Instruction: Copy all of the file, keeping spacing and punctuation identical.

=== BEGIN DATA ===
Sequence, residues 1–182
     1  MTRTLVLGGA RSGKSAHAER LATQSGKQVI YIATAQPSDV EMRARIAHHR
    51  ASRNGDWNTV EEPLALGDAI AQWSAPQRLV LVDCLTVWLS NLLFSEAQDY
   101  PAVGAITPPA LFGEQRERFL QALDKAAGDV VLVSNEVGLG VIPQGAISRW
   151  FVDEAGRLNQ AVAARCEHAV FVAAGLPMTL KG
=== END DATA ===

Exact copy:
Sequence, residues 1–182
     1  MTRTLVLGGA RSGKSAHAER LATQSGKQVI YIATAQPSDV EMRARIAHHR
    51  ASRNGDWNTV EEPLALGDAI AQWSAPQRLV LVDCLTVWLS NLLFSEAQDY
   101  PAVGAITPPA LFGEQRERFL QALDKAAGDV VLVSNEVGLG VIPQGAISRW
   151  FVDEAGRLNQ AVAARCEHAV FVAAGLPMTL KG